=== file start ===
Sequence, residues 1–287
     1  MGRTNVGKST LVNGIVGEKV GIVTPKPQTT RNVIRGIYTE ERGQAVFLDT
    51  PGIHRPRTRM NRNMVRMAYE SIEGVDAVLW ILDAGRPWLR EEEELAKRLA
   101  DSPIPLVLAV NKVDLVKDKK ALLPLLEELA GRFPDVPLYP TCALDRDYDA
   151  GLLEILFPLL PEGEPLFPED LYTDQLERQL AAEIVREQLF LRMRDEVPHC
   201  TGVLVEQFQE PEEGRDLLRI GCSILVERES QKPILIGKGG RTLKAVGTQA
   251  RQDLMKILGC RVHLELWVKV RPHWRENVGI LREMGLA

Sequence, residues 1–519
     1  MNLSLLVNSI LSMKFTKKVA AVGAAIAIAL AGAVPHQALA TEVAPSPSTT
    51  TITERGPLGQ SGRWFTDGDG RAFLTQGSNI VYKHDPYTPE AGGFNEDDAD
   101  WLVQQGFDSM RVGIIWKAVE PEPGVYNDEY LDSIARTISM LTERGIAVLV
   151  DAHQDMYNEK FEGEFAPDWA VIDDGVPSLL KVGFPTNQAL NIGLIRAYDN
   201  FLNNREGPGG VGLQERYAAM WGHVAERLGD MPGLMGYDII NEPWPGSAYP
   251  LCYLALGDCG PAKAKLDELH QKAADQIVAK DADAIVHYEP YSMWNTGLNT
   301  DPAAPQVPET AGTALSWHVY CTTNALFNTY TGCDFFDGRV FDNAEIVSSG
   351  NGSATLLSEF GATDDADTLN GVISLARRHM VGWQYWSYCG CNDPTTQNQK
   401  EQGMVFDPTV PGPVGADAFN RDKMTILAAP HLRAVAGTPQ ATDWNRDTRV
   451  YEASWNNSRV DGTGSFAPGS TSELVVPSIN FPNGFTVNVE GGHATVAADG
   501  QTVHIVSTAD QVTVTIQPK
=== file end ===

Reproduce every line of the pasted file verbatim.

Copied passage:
Sequence, residues 1–287
     1  MGRTNVGKST LVNGIVGEKV GIVTPKPQTT RNVIRGIYTE ERGQAVFLDT
    51  PGIHRPRTRM NRNMVRMAYE SIEGVDAVLW ILDAGRPWLR EEEELAKRLA
   101  DSPIPLVLAV NKVDLVKDKK ALLPLLEELA GRFPDVPLYP TCALDRDYDA
   151  GLLEILFPLL PEGEPLFPED LYTDQLERQL AAEIVREQLF LRMRDEVPHC
   201  TGVLVEQFQE PEEGRDLLRI GCSILVERES QKPILIGKGG RTLKAVGTQA
   251  RQDLMKILGC RVHLELWVKV RPHWRENVGI LREMGLA

Sequence, residues 1–519
     1  MNLSLLVNSI LSMKFTKKVA AVGAAIAIAL AGAVPHQALA TEVAPSPSTT
    51  TITERGPLGQ SGRWFTDGDG RAFLTQGSNI VYKHDPYTPE AGGFNEDDAD
   101  WLVQQGFDSM RVGIIWKAVE PEPGVYNDEY LDSIARTISM LTERGIAVLV
   151  DAHQDMYNEK FEGEFAPDWA VIDDGVPSLL KVGFPTNQAL NIGLIRAYDN
   201  FLNNREGPGG VGLQERYAAM WGHVAERLGD MPGLMGYDII NEPWPGSAYP
   251  LCYLALGDCG PAKAKLDELH QKAADQIVAK DADAIVHYEP YSMWNTGLNT
   301  DPAAPQVPET AGTALSWHVY CTTNALFNTY TGCDFFDGRV FDNAEIVSSG
   351  NGSATLLSEF GATDDADTLN GVISLARRHM VGWQYWSYCG CNDPTTQNQK
   401  EQGMVFDPTV PGPVGADAFN RDKMTILAAP HLRAVAGTPQ ATDWNRDTRV
   451  YEASWNNSRV DGTGSFAPGS TSELVVPSIN FPNGFTVNVE GGHATVAADG
   501  QTVHIVSTAD QVTVTIQPK